Wednesday, November 16, 2011

Donostia San Sebastian: a full tummy, a great view and a happy toddler too!

San Sebastian, what can I say. I think I've fallen in love with this pretty little city. We weren't even planning to go there (planning, what planning?), but a couple of weeks ago, when I mentioned that we were getting the ferry into Bilbao, my friend Sarah said that her husband had proposed to her in San Se (as the locals call it), and it was really pretty, and then I mentioned it to my uncle, Roger, who's pretty well travelled when it comes to Spain and he agreed. So that was it, we went to San Se.

View of La Concha beach at sunset, taken from the harbour

And what a treat we've had. Situated on the northern coast, with an uninterrupted view out to the Bay of Biscay, only 20km from the border with France, in the Basque region, San Sebastian enjoys a mild climate, and is a favourite holiday spot of the Spanish. It's mid November, and we've experienced temperatures of between 16 and 24 degrees. You can't often say much better than that for the Northern Hem at this time of year.

The city is sprawling; with three beaches and numerous suburbs. We stayed in the Gros neighbourhood, in a cool but spooky apartment overlooking the Zurriola beach, the one favoured by surfers, as it's out of San Se bay. I reckon it could give Bondi a run for it's money, and we enjoyed building, and destroying sandcastles there, as well as a quick and unplanned, fully clothed, dip into the surf by a certain miss Hobo, who stepped off an ankle deep sand shelf and landed in water up to her chest. It probably wasn't my best parenting moment when I laughed once Mr Traveller had whipped her up into his arms, but thankfully, true to character, she took it all with a smile.

The centre of the city is made up with a shopping district, with some pretty good shops (well, it was my birthday while we were there!), the working harbour/beachfront, and the Parte Vieja (old town) which was full of spectacular medieval architecture, and had me walking around with a crick in my neck, it was so amazing to look up at.

Looking through the Parte Vieja to the cathedral
But the Old Town has another reason to bask in it's utter brilliance, and that is one of the big reasons that SanSe is often referred to as the gastronomic capital of Spain: Pintxos.And loving food in the way that we do, us Travellers couldn't get enough of these magnificent morsels that we found on bar after bar after bar.

Jamon pintxos with huge legs of Jamon hanging behind the bar in the background

Most people will be familiar with tapas, and pintxos (pronounced pinchos) are the basques version of tapas - rumoured to be the best on offer. The bars in the parte vieja offer a veritable feast of pintxos; some just a simple piece of bread or a croissant filled with the delectable jamon, others much more elaborate, such as the Mackobe - a mini kobe burger in a ketchup bun served with plantain chips.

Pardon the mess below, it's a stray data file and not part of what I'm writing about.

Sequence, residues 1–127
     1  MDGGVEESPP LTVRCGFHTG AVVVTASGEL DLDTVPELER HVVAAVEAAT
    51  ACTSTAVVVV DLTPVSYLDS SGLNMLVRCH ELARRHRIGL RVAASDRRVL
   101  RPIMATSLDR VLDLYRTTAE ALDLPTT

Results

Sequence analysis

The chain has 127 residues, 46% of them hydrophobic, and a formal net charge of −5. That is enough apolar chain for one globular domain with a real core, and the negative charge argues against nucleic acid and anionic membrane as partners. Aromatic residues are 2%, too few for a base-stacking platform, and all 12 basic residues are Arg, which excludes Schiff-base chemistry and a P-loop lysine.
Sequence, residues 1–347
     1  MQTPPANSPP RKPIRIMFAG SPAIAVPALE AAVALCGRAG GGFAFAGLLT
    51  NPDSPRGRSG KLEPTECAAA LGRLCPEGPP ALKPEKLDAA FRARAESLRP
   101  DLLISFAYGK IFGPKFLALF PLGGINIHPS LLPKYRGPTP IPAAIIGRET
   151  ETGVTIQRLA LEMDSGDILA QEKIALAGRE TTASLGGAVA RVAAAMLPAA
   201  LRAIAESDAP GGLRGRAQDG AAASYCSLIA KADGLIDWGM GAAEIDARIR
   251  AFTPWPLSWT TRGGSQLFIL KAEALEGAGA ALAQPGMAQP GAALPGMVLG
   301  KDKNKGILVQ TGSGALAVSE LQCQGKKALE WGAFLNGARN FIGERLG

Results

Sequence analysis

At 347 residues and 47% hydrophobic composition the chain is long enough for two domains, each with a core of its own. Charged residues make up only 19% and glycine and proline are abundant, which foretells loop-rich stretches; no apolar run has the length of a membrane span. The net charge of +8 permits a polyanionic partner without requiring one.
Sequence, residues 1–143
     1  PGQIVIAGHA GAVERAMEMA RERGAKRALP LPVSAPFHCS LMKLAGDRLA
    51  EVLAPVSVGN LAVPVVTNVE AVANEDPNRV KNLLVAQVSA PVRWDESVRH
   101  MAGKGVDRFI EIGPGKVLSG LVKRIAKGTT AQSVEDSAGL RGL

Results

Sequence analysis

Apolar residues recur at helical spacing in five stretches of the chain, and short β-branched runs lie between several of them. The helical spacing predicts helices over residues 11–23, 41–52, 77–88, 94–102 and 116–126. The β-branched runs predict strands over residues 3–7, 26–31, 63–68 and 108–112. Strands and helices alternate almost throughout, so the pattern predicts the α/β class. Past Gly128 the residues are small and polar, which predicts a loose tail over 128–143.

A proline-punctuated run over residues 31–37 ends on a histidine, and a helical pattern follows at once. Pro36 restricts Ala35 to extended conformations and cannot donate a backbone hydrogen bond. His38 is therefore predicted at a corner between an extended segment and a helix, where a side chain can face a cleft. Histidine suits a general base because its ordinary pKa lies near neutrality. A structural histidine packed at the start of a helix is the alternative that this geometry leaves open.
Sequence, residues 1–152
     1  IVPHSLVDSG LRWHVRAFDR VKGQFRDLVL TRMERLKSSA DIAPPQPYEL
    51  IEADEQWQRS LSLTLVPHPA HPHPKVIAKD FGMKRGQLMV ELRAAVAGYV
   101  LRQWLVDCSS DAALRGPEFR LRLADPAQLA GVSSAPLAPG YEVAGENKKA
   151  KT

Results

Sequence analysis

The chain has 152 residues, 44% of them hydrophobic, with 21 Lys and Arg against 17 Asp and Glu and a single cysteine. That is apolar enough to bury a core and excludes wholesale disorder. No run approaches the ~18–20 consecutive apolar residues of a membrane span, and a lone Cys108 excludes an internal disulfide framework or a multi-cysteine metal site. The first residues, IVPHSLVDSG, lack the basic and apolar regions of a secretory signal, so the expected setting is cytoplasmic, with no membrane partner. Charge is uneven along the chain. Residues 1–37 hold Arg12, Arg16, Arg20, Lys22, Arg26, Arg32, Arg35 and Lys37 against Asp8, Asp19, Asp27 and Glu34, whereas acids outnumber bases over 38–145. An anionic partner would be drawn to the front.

Classic pintxos include a piece of bread and a 'spear'to hold the topping in place. This one had goats cheese, walnuts, and, according to the barmaid 'sugared fruit', I suspect it was quince, but any pintxos expert who can verify would be most welcome!

The done thing in San Sebastian is a pintxos crawl - visiting a succession of bars, having a drink and one or two pintxos in each place. We took sandwiches for the Littlest hobo (no room for allergies at the bar, but children were very welcome) and managed three bars in any one session - I think we would probably be classified as pintxos lightweights.

The whole bar area was covered with pintxos - at a guess 20 varieties to choose from

San Sebastian was a really child friendly city. Not only did we enjoy the beaches, but there were play areas around every corner too, and the Littlest Hobo's particular favourite, a merry-go-round, built in 1900, complete with groovy Spanish pop music, right on the sea front. Handily enough, it was right next to the Parte Vieja, so everyone was happy! There are also a couple of great attractions for kids - the funicular railway, which we walked to, but sadly it was closed for refurbishment, and a hands on science museum that we read a lot of positive reports about, but didn't actually make it out to. The Spanish take their children everywhere, which means that they are always made welcome. The biggest problem we experienced was with timings - the littlest Hobo is used to eating dinner by 6 and being in bed sometime between 7 and 8, and the playgrounds are still heaving at that time; culturally, they just shape their day to the beat of a different drum. This wasn't a big issue per se, but it made eating out in the evenings near impossible; by the time the restaurants were open (it seemed to be 8pm onwards) the littlest Hobo was ready to flop into bed. This made me thankful again that we stay in self catering accommodation and we can make our days work for us. 

San Se merry-go-round
Romantic San Se takes you in and envelopes you in warm fuzzies. For somewhere that wasn't even on the radar until 2 weeks ago, I really enjoyed our time there. We originally only booked for three nights, but decided to extend after we arrived. I would definitely go again, although might book a different apartment next time, lest our night time visitor felt the need to return!

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